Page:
State Route 109 Widening

Sumner and Wilson Counties


Completed and proposed improvements for State Route 109, from Interstate 65 in Sumner County to Interstate 40 in Wilson County, include reconstruction and widening for nearly 35 miles. These improvements are intended to address congestion, improve safety and traffic operations, and accommodate growth along this rapidly developing corridor.

The existing roadway is primarily two lanes. The completed projects and proposed designs widen the existing roadway to a four- or five-lane facility, including 12-foot travel lanes in each direction with either a dedicated center turn lane or dividing median (depending on area) and paved shoulders.

Due to the significant length of the corridor and costs associated with right-of-way acquisition and construction, SR 109 improvements have been separated into smaller sections or phases as noted below.

  • from the Gallatin Bypass north of Gallatin to SR 52 in Portland (11.5 miles) - completed
  • Gallatin Bypass from Airport Road to Scotty Parker Road (6.0 miles) - new alignment - completed
  • from north of the Cumberland River bridge to the Gallatin bypass south of Gallatin (1.3 miles) - completed
  • bridge over the Cumberland River - replacement - completed
  • from north of SR 24 (US 70) to south of the Cumberland River bridge (7 miles) - under construction
  • from north of I-40 to south of SR 24 (US 70) - completed  

In addition to the proposed widening projects, a new interchange is currently under construction in Sumner and Robertson Counties, which will connect I-65 with a new alignment of SR 109. A new bypass is also under development, which will be constructed to the west of the city of Portland.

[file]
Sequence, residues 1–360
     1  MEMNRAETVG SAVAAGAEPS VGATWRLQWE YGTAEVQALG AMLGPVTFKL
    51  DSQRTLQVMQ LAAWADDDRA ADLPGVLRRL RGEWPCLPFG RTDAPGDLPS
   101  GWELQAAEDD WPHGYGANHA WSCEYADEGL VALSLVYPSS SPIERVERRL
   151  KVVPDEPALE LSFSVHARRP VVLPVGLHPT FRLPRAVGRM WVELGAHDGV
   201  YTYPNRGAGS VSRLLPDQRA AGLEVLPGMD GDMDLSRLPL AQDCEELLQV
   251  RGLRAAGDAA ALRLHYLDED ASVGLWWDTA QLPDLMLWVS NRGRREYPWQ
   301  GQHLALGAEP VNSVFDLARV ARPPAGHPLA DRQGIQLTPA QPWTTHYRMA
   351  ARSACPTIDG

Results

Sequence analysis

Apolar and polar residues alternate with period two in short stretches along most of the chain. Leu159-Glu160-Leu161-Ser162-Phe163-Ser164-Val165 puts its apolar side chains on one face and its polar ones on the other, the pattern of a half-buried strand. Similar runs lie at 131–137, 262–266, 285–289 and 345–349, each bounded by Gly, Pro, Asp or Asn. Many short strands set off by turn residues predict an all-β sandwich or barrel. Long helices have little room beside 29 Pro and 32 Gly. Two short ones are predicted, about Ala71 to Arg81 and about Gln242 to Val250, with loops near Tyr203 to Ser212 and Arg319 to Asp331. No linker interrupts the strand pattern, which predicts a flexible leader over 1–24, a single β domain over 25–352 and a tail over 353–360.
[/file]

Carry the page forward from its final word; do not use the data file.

Purpose and Need

SR 109 has been identified as a strategic corridor, serving as the primary north-south connector between I-65 in Sumner County and I-40 in Wilson County, northeast of downtown Nashville. It is a heavily traveled corridor, connecting several communities in middle Tennessee. Traffic counts along the corridor range from 10,000 to 25,000 vehicles per day, depending on the location of the route in Sumner and Wilson Counties. The completed and proposed improvements are designed to increase capacity and improve safety and traffic operations along the entire route.

Future Growth

Separate from the planned improvements, TDOT is currently working with the Nashville Area Metropolitan Planning Organization (MPO) and locally elected officials on a State Route 109 Access Management Study that will ultimately provide a state and local Corridor Management Agreement. The study will look at congestion, connectivity, bicycle, pedestrian, and transit infrastructure, safety, and economic growth. Recommendations from the study could lead to improvements in traffic flow and land-use along the corridor that would further ease congestion and improve capacity. This would be a future benefit not only to TDOT, but to the local partners and the driving public as well, by providing a safer and more efficient corridor.